Dublin is a wonderful tourist destination. Dublin knows that it is a wonderful tourist destination. And, there is nothing wrong with that!
My wife and I were a couple of the tourists from around the world when we visited Dublin just a few weeks ago.
Our great hosts, Terri and Aylish were former neighbours from Canada who had moved back ‘home’ to Dublin.
For my wife and I, it was a triple pleasure: we visited a great city, re-connected with great friends, and we walked in the footsteps of our ancestors.
We used the Dublin ‘Hop On Hop Off’ bus tour (2-day package) as our means of getting around the city and seeing the sights. There are two routes used by the tour buses and we enjoyed both. The longer tour, about two hours in length, covers the city proper while the second shorter tour, about 45 minutes in length, covers the docklands.
The great advantage of these bus tours is that your ticket allows to to ‘hop off’ the bus at any stop to explore the various museums, sights, or shopping districts at your leisure and then ‘hop on’ a subsequent bus to continue the tour. Buses come by each stop at ten to fifteen minutes intervals so waiting isn’t really an issue. Each of the bus drivers follows the same basic tour script but each also infuses their own form of Irish wit and humour along the way.
Many of the sights were related to the 1916 Easter Rising (or Easter Rebellion) which lead eventually to Irish independence from Great Britain. I was particularly fascinated by the bullet holes still visible in some statues along O’Connell Street left from that time. Certainly, next year there will be many commemorations and events marking the centennial of the uprising.
The Spire of Dublin, also known as the Monument of Light, is pin-like monument rising almost 400 feet above downtown Dublin. The monument was built of stainless steel as a millennial project and our tour bus driver noted that it wasn’t completed, in true Irish fashion, until 2003. The stainless steel was to ensure low cost maintenance but quipped our guide, the government spends about 40,000 euros every two years to clean the monument now locally known as the world’s largest stiletto heel.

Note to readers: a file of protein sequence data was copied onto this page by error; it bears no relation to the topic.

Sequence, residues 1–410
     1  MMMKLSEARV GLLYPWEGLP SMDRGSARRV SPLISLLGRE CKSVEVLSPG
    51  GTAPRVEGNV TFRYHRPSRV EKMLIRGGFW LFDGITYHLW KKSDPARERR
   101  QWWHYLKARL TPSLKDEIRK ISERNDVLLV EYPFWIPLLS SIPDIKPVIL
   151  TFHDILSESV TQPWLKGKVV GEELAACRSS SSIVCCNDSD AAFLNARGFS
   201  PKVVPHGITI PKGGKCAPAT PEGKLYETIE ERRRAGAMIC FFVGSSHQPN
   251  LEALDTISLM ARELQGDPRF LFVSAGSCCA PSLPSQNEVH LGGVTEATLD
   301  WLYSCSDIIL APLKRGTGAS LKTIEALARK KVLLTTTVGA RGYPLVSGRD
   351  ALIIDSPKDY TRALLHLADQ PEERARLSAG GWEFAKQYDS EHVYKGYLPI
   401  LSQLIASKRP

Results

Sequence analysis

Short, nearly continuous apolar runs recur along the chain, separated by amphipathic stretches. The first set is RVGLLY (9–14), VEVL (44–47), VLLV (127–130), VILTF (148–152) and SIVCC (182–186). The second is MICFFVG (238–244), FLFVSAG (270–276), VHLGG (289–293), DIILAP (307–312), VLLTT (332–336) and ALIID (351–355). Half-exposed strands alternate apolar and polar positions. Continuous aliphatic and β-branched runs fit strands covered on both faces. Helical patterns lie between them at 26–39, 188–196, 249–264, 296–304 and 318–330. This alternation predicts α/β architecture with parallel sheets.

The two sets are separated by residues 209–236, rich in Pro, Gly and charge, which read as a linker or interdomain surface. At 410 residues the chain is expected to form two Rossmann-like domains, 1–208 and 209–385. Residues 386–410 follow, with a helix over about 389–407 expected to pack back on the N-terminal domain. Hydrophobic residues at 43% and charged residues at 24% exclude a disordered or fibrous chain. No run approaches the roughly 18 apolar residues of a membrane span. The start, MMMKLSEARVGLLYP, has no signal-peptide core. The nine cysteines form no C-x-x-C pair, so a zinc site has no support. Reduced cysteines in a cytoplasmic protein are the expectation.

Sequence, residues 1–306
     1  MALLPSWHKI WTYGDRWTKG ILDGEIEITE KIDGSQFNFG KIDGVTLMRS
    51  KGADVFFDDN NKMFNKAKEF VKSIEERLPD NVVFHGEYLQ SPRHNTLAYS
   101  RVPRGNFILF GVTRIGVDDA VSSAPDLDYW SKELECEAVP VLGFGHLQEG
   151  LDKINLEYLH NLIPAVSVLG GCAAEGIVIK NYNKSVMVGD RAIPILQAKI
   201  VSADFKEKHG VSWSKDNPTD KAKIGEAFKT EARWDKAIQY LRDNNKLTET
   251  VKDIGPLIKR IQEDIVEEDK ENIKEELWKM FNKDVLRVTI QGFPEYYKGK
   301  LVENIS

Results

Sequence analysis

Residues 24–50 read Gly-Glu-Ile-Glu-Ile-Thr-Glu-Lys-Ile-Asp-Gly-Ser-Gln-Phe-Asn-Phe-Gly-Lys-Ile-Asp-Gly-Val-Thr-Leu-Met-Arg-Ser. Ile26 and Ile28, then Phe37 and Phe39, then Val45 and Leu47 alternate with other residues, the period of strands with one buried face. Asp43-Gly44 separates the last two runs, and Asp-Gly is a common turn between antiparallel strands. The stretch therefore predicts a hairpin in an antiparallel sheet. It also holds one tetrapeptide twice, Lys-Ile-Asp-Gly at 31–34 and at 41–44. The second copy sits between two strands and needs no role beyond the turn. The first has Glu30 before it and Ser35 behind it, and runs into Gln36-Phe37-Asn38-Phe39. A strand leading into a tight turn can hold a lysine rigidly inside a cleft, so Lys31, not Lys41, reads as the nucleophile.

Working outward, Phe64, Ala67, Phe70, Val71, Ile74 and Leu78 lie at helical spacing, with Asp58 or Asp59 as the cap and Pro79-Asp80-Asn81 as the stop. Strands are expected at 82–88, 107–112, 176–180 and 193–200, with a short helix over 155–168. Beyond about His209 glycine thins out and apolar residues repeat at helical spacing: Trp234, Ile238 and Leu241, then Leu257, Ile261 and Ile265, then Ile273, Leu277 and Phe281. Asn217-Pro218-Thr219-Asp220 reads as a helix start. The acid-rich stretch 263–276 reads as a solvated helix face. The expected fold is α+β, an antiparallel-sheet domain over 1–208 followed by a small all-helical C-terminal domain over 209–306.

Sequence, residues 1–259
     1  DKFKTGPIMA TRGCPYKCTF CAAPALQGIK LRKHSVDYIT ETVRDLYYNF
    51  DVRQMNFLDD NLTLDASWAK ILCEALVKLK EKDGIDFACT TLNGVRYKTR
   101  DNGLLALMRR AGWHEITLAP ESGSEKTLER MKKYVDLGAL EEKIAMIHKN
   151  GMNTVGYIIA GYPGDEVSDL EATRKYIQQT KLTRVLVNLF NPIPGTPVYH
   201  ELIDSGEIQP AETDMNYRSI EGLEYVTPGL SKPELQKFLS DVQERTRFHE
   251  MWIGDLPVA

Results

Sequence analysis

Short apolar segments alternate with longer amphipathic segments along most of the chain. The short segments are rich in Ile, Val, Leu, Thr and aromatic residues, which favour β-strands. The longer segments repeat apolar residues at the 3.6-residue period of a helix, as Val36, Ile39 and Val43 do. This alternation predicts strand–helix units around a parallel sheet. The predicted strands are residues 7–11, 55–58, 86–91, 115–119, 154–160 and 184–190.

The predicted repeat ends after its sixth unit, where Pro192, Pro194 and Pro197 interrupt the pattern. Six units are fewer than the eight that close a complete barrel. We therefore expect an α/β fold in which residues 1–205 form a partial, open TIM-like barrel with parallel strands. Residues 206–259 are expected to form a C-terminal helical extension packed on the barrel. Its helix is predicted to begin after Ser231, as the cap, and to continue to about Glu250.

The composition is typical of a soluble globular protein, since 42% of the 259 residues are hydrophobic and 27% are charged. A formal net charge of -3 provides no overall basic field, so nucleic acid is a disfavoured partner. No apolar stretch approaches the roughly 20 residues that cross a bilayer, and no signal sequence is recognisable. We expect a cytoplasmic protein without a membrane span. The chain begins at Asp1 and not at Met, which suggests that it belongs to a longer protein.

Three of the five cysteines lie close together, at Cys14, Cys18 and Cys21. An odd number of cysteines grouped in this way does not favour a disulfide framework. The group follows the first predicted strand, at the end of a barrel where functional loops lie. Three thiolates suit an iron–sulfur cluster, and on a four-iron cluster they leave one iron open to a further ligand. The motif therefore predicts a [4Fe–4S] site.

Knowing that not every visitor to Dublin will be from countries with driving on the left side of the road, the Irish have painted signs at pedestrian crosswalks informing people of which way to look for oncoming traffic. It must have worked as neither my wife nor I had any problems safely crossing the streets.
The Dublin Convention Centre opened in 2010 and is now known locally as the ‘Tube in the Cube.’
As a genealogist, I was dismayed at the condition of some of the cemeteries I observed in Dublin during our tour. Although the cemetery above is well enclosed by stone walls, you can see the deterioration of many gravestones and general lack of maintenance of the grounds.
Benjamin Lee Guinness (1798-1868) was a Dublin native who became Mayor of Dublin and also served in the House of Commons as the Dublin representative. He was also known for his philanthropy, oh, and for brewing a beverage that bears his name!
This photo was taken as we passed by the Ancestry.com office in Dublin. A good reminder of my love for all things genealogy!